This list of anti-inflammatory foods is broken down by food group to help you create balanced meals every time. Plus, it includes a complete pdf guide that you can save for later.
Inflammation is a serious condition that is complex and commonly misunderstood.
Usually, inflammation is a normal bodily response. The body uses inflammation as a defense mechanism against injury and sickness.
But when inflammation accumulates, it can have damaging effects on the body. Moreover, health issues ranging from poor digestion to chronic disease are linked to persistent inflammation.
Interestingly, some foods can either help or worsen inflammation. While there are many anti-inflammatory foods, some can make inflammation worse.
Inflammation & diet
Can I naturally reduce inflammation with food? This is a common question for dietitians.
It’s true, food can play a role in your body’s inflammatory response. Still, it’s important to keep in mind that inflammation is complex and food is usually only one piece of the puzzle.
One of the most common ways to test for inflammation is by measuring levels of C-reactive protein, or CRP for short. High levels of CRP can point to acute inflammation.
Research suggests that certain foods can cause CRP levels to rise. So while it’s important to prioritize anti-inflammatory foods, it is equally essential to minimize foods that can worsen it.
Examples of foods that can affect inflammation markers:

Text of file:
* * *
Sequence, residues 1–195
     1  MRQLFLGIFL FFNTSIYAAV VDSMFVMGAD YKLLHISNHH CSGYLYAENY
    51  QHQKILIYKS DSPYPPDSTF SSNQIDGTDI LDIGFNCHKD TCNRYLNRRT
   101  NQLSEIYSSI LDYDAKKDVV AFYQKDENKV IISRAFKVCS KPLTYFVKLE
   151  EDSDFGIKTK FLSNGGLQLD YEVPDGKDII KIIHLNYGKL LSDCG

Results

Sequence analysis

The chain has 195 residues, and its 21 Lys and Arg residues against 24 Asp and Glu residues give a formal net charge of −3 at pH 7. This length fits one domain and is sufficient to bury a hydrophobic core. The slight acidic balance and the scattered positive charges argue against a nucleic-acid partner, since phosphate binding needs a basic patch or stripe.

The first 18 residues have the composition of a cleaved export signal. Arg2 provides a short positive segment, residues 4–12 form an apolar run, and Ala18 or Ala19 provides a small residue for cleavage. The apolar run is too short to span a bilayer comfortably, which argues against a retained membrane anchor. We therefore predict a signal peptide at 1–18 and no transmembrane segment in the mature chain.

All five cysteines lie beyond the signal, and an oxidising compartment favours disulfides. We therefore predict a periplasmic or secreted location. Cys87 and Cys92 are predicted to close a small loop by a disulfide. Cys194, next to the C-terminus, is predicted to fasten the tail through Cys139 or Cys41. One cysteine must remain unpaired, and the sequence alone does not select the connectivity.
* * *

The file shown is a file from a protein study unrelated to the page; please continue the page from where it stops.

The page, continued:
Here are the most common pro inflammatory foods:
- Artificial trans fats (mangerine, hydrogenated oils)
- Refined carbs (cereals, pastries, soda, etc.)
- Sugary foods (cookies, cakes, etc.)
- Vegetable oils (soybean oil, canola oil, corn oil, safflower oil)
- Ultra processed foods (processed meats, packaged soups, fruit drinks)
Fortunately, there are many foods that can help minimize the effects of inflammation.
Here’s the anti inflammatory foods list:
Download the full anti inflammatory foods list pdf
Top Anti Inflammatory Foods
Here is a list of anti-inflammatory foods:
- Black beans (pre-soaked)
- Chickpeas (pre-soaked)
- Kidney beans (pre-soaked)
- Fruit (especially berries and citrus fruits)
- Sweet potatoes
- Avocado oil
- Brazil nuts
- Chia seeds
- Extra virgin olive oil
Note: this is a partial list. Please reference the downloadable Balanced Anti Inflammatory Foods List.
How to Use The Anti-Inflammatory Foods List PDF Guide
This list can help you build a balanced, healthy plate that is low inflammatory. A balanced plate should have the three main macronutrients: protein, carbs, and fat.
First, start by selecting one (sometimes two) food items from each of the macronutrient sections.
Then, you can use the small bites, desserts, and beverage sections to plan out a full day of eating. You may also find it helpful to have your list handy when you go grocery shopping or are ordering in.
If you’re interested in low inflammatory recipes, you may like our 3-minute turmeric latte recipe and baking with almond flour guide.
To summarize, how you eat can help or hurt inflammation. Specifically, inflammation markers can be swayed by certain foods like those high in trans fats and sugar. On the other hand, many whole foods can help lower inflammation.
The anti-inflammatory foods diet list pdf is a helpful (and complimentary) guide for building balanced meals and snacks.
Note: this pdf guide is for educational purposes only. The anti inflammatory foods list is not intended to treat or cure chronic inflammation or related conditions.
Gaby Vaca-Flores is a Registered Dietitian Nutritionist based in Santa Monica, CA. In merging her passions for nutrition and skin, Gaby created Glow+Greens to provide her readers with science-backed education + digestible wellness tips.